Violence and stress

Workplace Violence in Services Sectors

In services sectors, downsizing, freezes or cuts in salaries, increasing workloads and performance targets, longer hours, and more subcontracting and temporary work are potential stressors that can foster a climate of tension leading to work stress and workplace violence. Negative effects on the performance and efficiency of organizations include increased sick leave, absenteeism and turnover, lower quality of service, productivity and motivation, and professional dissatisfaction. Measures to be taken include preventive action on violence and stress, legal and medical assistance to staff who are victims of violence; legislation and practical measures to sanction violent acts; and community or national campaigns to spotlight and reduce sources of violence in services.

A Meeting of Experts organized by, the ILO’s Sectoral Policies Programme from 8 to 15 October 2003, adopted a Code of Practice on Workplace Violence in Services Sectors and Measures to Combat this Phenomenon.



Stress affecting education workers has multiple causes, such as the intense interpersonal relations which characterize educational work; deep-seated changes in the content and modes of delivery of educational services; lack of autonomy, and demands for accountability about academic performance from students, parents and political leaders. In addition, the individual fears and anxieties affect to the level of stress experienced. Workplace stress in education affects mainly teachers and school administrators.

The effects of violence are felt essentially in the teaching and learning environment, which may become poisoned, with reduced educational outcomes. Fear and apprehension affect students and teachers alike. Staff targeted by violent acts tend to have higher rates of absenteeism, may be obliged to stop work, and make claims on educational employers for medical treatment and social assistance. All of these issues have a direct impact on operating costs. The staff targeted by violent acts may also request reclassification or early retirement, thereby provoking loss of skilled professional labour, with negative implications for student learning.

Preventing, reducing and coping with violence and/or stress in education depend on the nature of the problem, but generally imply involvement of a range of actors and response levels. Special measures to prevent violence include developing safe schools policies and programmes; redesigning school access; establishing crisis management teams, redesigning duties; providing a safer physical environment; and training students and staff to prevent interpersonal violence.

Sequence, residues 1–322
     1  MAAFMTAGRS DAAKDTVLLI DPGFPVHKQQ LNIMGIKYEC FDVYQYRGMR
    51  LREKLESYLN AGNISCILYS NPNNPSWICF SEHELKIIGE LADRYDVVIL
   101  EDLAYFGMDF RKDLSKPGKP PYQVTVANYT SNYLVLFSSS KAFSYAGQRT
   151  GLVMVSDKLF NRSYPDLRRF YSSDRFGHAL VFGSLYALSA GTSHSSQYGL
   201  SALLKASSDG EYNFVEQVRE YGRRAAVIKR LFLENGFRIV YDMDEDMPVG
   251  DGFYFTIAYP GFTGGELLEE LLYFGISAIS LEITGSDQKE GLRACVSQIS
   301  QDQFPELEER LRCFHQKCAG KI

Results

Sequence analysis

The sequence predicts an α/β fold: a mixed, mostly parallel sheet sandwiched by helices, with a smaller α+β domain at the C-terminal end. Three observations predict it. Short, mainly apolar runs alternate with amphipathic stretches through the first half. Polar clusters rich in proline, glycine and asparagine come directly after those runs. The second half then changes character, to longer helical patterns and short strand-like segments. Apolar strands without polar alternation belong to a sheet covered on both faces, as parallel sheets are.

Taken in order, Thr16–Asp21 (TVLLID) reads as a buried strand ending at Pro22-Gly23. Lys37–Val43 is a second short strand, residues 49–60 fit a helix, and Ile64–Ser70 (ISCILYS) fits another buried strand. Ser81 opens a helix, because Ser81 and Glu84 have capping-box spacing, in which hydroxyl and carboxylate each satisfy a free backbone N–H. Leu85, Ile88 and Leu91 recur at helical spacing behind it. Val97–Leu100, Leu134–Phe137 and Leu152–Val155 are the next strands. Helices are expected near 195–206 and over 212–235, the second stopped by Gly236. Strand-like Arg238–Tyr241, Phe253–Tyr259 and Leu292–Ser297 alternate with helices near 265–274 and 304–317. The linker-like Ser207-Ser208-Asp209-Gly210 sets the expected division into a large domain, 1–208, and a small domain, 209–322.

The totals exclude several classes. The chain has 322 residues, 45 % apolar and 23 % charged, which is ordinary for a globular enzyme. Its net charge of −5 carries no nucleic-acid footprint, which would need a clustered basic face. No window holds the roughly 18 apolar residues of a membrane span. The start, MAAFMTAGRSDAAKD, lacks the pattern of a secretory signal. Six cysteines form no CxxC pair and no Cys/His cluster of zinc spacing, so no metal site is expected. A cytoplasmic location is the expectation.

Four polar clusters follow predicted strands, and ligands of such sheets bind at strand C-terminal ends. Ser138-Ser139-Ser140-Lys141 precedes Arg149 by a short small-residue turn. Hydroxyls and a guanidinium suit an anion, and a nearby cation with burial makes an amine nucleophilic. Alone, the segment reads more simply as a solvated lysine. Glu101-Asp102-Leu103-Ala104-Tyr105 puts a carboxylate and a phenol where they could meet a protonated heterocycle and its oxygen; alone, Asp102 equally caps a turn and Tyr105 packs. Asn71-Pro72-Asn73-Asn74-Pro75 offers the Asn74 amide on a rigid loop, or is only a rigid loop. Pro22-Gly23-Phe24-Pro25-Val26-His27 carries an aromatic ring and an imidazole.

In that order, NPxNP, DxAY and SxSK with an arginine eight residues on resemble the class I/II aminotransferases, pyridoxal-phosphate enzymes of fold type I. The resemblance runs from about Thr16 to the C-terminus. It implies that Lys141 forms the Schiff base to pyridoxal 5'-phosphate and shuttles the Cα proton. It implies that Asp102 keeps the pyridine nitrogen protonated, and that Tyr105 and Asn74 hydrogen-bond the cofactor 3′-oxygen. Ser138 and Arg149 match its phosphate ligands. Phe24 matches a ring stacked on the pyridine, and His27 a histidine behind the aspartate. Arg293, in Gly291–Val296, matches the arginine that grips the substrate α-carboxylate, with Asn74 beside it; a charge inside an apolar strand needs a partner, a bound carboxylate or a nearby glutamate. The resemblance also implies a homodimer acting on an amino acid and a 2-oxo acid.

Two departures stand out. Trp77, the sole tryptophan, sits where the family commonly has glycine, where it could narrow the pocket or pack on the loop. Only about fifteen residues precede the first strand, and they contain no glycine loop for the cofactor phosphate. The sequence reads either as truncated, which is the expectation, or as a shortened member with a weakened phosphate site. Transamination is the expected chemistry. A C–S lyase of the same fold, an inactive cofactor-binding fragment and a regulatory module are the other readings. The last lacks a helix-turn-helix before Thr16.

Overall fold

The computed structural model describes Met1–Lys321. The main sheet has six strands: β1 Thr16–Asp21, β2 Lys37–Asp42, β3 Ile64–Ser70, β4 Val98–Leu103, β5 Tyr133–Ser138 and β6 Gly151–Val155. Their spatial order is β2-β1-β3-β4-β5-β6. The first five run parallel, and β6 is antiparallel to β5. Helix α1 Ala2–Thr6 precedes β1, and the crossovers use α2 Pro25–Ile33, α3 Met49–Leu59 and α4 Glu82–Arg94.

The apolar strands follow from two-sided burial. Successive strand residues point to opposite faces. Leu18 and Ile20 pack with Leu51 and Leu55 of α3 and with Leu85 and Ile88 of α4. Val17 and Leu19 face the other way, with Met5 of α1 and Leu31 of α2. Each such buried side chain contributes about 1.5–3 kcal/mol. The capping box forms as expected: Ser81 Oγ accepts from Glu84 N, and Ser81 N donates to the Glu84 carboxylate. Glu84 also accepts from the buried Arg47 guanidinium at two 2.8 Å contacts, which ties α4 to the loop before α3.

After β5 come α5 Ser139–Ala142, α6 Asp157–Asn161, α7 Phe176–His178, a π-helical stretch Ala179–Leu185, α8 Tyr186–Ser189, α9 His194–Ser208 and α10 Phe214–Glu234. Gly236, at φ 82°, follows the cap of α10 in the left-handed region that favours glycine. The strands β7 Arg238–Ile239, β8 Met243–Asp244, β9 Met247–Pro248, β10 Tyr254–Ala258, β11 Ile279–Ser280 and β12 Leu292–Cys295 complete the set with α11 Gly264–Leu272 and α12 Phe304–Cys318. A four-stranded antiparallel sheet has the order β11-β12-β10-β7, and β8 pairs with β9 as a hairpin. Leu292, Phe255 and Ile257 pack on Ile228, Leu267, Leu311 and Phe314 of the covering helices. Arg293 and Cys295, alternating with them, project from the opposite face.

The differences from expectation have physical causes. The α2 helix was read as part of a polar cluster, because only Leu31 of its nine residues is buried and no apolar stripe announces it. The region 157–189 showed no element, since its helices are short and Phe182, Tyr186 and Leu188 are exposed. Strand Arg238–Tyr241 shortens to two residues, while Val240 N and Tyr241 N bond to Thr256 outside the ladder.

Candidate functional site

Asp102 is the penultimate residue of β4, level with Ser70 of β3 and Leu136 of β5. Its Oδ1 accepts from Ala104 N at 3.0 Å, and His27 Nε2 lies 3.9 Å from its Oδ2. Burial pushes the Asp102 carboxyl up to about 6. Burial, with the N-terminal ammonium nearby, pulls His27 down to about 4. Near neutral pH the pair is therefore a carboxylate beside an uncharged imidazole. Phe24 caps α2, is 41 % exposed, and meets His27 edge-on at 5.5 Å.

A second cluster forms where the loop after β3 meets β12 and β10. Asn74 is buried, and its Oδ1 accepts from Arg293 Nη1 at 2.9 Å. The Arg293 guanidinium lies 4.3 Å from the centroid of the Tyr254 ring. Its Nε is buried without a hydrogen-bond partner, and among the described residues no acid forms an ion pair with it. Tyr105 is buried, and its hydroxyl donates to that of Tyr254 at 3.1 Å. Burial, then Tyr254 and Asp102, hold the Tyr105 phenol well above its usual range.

1. Violence and stress in education workplaces

Hotel; catering; tourism

Phenomena related to violence and stress at work are cross-cutting for all sectors. They are, however, especially common in customer-receiving services sectors, like the Hotels, restaurants and tourism sector. Unexpected situations at the customer interface, including violence and harassment, as well as sector specific issues, such as irregular working hours. Workers or employers in restaurants and hotels are not always well prepared to cope with these kinds of situations, and studies point towards improving the capacity to cope with uncertainty as a key component of reducing stress and violence. The ILO works together with its constituents to improve knowledge on stress-producing elements and ways to reduce them.

  1. Violence at work in hotels, catering and tourism
Public emergency services

Violence and stress (verbal abuse, physical violence, bullying and mobbing, racial and sexual harassment) at the workplace can have grave psychological and physical consequences on one hand for the workers themselves and on the other hand for the people who are relying on them, especially when it concerns the public emergency services (ambulance staff, public medical emergency service, fire fighting, and police). These issues were addressed in the Joint Meeting on Public Emergency Services: Social Dialogue in a Changing Environment, which adopted the Guidelines on Social Dialogue in Public Emergency Services in a Changing Environment in 2003.

Stress management and counselling are key issues for emergency services workers, many of whom are seriously affected psychologically by critical incidents specifically related to their jobs, such as death, serious injuries, and life-threatening situations. For those who have dealt directly with or survived such incidents, there is often a period of denial, followed by critical incident stress (CIS) or post-traumatic stress disorder (PTSD), which may include symptoms such as anger, recurrent recollections or dreams of the event, hyper-vigilance, diminished interest in activities, estrangement from other persons, difficulty concentrating and recollecting facts. Emergency services workers have high rates of PTSD, especially after their rescue efforts fail to save lives. To address this, many services now provide critical incident stress debriefing as part of organizational stress management programmes. In these programmes, affected workers discuss the event and their feelings, usually in the presence of a trained mental health worker.

  1. Guidelines on Social Dialogue in Public Emergency Services in a Changing Environment